Norway Minister Slammed After She Dons Floating Wetsuit to "Experience" Life as a Migrant

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A word to the wise: Whatever you do, make sure it's not what Sylvi Listhaug just did.

Norway's new immigration minister is facing heat from critics after her attempt to show solidarity with migrants crossing the Mediterranean Sea blew up in her face on Tuesday.

According to reports, Listhaug wanted to experience what life was like as one of the more than 300,000 refugees who've tried to cross the Mediterranean Sea from Africa and the Middle East into Europe since the beginning of 2015.

Migrants off the coast of ItalySource: Patrick Bar/AP
Migrants off the coast of Italy  Patrick Bar/AP

This was not a good idea to begin with. 

But it got so much worse when Listhaug donned a bright orange, full-body preservation wetsuit and floated around in the water for a few minutes before a boat — which was never more than a few feet away — came by and "rescued" her.

Listhaug did have the good sense to acknowledge her experience was "different" from the real thing.

"It is a completely different experience when you are wearing a survival suit," she told a Norway newspaper, according to the Washington Post.

Indeed, the availability of floating bodysuits might have gone a long way toward saving some of the estimated 500 migrants who died when their boat capsized on its way from Libya to Italy.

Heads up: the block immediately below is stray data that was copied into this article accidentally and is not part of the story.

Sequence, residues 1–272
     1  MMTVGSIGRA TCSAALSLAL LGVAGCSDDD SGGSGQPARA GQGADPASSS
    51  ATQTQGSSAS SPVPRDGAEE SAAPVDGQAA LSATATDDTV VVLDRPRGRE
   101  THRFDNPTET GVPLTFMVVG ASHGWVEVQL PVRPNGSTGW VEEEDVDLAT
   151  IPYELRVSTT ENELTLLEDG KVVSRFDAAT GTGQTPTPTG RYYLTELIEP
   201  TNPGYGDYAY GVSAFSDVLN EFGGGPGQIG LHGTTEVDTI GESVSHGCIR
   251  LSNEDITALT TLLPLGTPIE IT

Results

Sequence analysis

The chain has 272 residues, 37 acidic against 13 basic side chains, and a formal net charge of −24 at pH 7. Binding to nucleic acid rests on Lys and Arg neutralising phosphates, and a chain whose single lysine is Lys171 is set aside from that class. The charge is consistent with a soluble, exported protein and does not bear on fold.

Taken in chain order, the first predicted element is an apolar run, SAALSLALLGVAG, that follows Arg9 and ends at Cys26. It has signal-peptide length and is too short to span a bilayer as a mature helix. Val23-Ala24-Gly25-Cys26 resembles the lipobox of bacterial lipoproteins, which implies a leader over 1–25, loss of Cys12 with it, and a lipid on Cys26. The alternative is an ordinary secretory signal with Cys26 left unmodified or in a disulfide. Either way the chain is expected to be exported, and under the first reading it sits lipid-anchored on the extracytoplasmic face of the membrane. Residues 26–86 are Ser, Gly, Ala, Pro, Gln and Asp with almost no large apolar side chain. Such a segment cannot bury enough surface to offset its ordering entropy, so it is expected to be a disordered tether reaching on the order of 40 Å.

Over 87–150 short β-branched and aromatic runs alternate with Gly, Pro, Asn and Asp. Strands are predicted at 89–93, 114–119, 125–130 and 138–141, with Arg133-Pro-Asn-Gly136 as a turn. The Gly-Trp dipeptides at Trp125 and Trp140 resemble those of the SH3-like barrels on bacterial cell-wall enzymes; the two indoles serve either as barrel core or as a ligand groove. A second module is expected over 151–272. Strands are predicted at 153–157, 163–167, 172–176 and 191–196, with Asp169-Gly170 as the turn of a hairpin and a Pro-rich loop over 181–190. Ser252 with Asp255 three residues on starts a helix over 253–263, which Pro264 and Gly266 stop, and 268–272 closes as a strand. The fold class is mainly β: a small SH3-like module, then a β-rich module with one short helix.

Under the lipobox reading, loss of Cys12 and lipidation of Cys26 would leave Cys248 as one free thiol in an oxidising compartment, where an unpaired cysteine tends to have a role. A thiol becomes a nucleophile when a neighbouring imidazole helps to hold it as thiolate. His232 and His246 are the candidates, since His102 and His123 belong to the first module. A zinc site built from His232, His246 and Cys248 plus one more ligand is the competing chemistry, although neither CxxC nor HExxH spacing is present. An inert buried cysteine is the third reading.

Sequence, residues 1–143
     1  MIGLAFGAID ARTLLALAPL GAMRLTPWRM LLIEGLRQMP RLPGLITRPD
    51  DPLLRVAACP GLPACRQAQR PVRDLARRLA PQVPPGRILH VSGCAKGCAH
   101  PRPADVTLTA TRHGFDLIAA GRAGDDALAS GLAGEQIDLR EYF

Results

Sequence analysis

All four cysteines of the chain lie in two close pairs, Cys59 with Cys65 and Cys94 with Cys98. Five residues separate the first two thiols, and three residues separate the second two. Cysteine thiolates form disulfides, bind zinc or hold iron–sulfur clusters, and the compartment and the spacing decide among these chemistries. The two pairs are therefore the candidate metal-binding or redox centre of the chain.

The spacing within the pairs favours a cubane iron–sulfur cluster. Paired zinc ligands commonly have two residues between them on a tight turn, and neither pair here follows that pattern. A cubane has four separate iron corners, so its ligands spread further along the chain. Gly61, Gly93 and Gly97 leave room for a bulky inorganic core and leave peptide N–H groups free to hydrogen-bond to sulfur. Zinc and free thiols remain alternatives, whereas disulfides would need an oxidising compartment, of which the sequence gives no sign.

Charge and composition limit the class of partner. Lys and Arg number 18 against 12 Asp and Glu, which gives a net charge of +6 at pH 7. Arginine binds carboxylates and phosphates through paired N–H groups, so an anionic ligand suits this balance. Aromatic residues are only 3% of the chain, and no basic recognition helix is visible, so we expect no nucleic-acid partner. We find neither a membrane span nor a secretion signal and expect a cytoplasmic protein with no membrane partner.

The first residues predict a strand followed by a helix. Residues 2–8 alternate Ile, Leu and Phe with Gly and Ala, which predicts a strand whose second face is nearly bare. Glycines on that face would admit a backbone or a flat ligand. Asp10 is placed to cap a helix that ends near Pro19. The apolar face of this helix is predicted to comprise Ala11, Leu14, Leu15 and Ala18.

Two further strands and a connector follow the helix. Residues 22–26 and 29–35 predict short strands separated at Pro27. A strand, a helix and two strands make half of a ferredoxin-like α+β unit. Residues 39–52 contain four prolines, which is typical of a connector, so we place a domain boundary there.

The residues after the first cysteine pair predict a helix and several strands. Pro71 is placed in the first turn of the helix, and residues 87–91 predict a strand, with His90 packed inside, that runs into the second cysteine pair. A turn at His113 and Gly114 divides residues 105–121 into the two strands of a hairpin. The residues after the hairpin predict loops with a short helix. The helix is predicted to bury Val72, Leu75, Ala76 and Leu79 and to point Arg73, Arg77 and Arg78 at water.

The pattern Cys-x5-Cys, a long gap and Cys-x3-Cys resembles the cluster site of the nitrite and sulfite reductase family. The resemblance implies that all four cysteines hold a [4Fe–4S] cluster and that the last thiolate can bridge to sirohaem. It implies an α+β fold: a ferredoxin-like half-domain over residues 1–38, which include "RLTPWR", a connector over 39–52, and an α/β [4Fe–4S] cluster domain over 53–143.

A German-led rescue mission in the Mediterranean in MarchSource: Matthias Schrader/AP
A German-led rescue mission in the Mediterranean in March  Matthias Schrader/AP

Critics were quick to slam the minister's move as insensitive.

Karin Andersen, a member of parliament who represents Norway's Socialist Left Party, suggested Listhaug open a window to experience "what it's like to be homeless," the Telegraph reported. Others reportedly said she should sit for a few minutes to see "what it's like to be paralyzed" or "close her eyes to experience blindness," according to the Telegraph.

To make matters worse, Listhaug is reportedly an advocate for letting fewer migrants settle in Norway. The northern European nation took in between 30,000 and 35,000 refugees and migrants in 2015, the Washington Post reported, but finds itself "rethinking its generosity" as its resources strain beneath the weight of the influx, according to the New York Times.

The takeaway?

Don't try what Listhaug did at home. Or anywhere. If you want to learn what it's like to be a migrant, try something else — like actually asking a migrant.